Apex Legends is still the finest first-person shooter to play with strangers

Apex Legends is still the finest first-person shooter to play with strangers ...

Apex Legends is a first-person shooter's journey. It may seem strange to compare a free-to-play battle royale to an arthouse indie game.

The former, which was developed by Flower creator thatgamecompany and released in 2012, is a game that focuses on navigating the desert ruins of an ancient civilization through nonverbal communication with a group of complete strangers. Thus, the games themes of connection and trust can transcend beauty and veer into the sublime.

Apex Legends, released by Titanfall developer Respawn in 2019, is a game that consists of launching canisters of dangerous gases from the balcony of an apartment building before zip lining across an open park to escape the shrinking, deadly boundary of an ethereal circle. It is also, in large part, about nonverbal communication and can, sometimes, wander into the sublime.

With the rise of battle royales as a free-to-play activity in the late 2010s, many Apex players would dip their toes in the water without a pal or two to accompany them. Thousands of players could also benefit from a nonverbal communication device, according to the study.

The ping system has long allowed FPS players to see where they are interested in particular places, events, and things. Respawn took the idea (variations of which appeared in series like Left 4 Dead and Battlefield) and expanded it tenfold, allowing players to not only identify a weapon's location, but also the specific type of weapon. Crucially, the ping system has been combined with each character's distinct voice lines to give players as much information as possible whether theyre in the next room or far across the map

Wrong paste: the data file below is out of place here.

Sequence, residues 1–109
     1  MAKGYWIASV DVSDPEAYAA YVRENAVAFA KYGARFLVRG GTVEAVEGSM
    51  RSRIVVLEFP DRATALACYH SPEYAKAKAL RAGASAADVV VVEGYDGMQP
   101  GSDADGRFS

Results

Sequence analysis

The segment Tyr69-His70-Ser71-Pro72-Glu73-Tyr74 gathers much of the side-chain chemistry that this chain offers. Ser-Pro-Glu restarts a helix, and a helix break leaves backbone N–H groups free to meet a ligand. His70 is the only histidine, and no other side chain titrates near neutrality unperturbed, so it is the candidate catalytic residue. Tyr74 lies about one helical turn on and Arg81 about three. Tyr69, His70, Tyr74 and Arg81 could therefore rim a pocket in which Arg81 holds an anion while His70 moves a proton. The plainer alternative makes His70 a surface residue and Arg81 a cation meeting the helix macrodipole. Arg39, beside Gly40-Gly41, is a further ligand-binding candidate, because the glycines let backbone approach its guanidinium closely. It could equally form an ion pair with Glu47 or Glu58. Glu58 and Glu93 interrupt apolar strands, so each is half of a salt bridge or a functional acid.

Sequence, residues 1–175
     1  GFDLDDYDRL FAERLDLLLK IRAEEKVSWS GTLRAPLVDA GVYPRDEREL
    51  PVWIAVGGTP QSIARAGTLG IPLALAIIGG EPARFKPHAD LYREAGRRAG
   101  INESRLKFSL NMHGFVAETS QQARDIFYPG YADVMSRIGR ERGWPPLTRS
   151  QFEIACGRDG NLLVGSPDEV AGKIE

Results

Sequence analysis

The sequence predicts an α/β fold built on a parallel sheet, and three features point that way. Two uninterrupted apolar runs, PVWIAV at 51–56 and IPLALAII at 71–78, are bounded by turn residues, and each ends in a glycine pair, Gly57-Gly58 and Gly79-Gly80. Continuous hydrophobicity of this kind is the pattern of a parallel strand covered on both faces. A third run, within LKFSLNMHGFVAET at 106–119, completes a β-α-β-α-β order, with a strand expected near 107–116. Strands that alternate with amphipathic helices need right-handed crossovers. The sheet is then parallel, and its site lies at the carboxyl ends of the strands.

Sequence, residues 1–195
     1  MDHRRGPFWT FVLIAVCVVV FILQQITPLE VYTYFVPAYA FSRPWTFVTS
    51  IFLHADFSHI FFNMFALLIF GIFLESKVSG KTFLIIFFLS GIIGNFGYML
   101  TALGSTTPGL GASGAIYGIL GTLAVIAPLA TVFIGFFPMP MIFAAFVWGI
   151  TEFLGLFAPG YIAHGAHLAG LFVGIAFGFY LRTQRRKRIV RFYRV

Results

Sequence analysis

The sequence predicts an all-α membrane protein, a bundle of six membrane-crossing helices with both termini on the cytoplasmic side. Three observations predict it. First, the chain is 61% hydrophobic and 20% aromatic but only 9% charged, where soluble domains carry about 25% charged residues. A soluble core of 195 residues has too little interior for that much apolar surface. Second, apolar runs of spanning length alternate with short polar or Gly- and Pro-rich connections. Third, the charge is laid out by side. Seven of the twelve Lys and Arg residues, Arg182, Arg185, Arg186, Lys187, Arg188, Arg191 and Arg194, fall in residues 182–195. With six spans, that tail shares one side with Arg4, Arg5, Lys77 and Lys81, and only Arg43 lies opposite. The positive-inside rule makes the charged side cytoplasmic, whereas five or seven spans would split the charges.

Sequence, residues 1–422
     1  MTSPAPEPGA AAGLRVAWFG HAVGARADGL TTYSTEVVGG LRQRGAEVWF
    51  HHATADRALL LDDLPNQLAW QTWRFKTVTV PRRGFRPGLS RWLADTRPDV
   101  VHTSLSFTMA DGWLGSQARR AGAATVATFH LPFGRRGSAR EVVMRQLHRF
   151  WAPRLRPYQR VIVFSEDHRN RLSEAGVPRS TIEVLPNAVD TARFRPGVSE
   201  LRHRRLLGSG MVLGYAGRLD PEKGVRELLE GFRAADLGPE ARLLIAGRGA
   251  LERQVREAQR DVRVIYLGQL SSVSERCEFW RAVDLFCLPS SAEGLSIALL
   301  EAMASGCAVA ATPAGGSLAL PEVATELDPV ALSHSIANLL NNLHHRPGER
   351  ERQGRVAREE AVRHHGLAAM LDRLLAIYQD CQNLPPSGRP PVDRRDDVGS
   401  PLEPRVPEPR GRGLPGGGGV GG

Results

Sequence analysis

The new ping system was so effective that both of Apex's major competitors at the time PUBG and Fortnite added ping systems of their own within six months of Respawns' release. And when Call of Duty: Warzone went live that same year, it followed suit.

Im always fascinated by how first-person shooters communicate without actually saying anything. I still remember playing Destiny strikes with strangers in the MMOs early days, marveling at the unmistakable visual language of the individual classes abilities. That Hunter just used their super on that boss, I could tell myself. It's time for me to pour on the damage as well.

What makes Apex such an exceptional game is how proficiently the game's visual vocabulary combines with its gameplay mechanics. For instance, if I see a Lifeline player taking cover behind a distant boulder, I know how deadly she can be once weve eliminated her teammates. I can also ping all of the heavy ammo and rifle attachments in the loot, all of which will keep Vantage in top form for the next firefight.

This brings me back to Journey. That's the real revelation of that game, for me, was how downright private it could be. Yet here we are, climbing these snow-strewn cliffs, surfing down the sparking slopes of a mountain lost to time, just us two, alone.

In Apex Legends, I was caught by surprise, in no small part, when I saw a character who had jetpacked up to a ledge that I had locked myself in, in the final moments of a long and challenging journey across a cartoonishly vivid island. Vantage was in control, but that Bloodhound? Theyve been quiet.

However, they do have 17 kills. So I'll let it slide.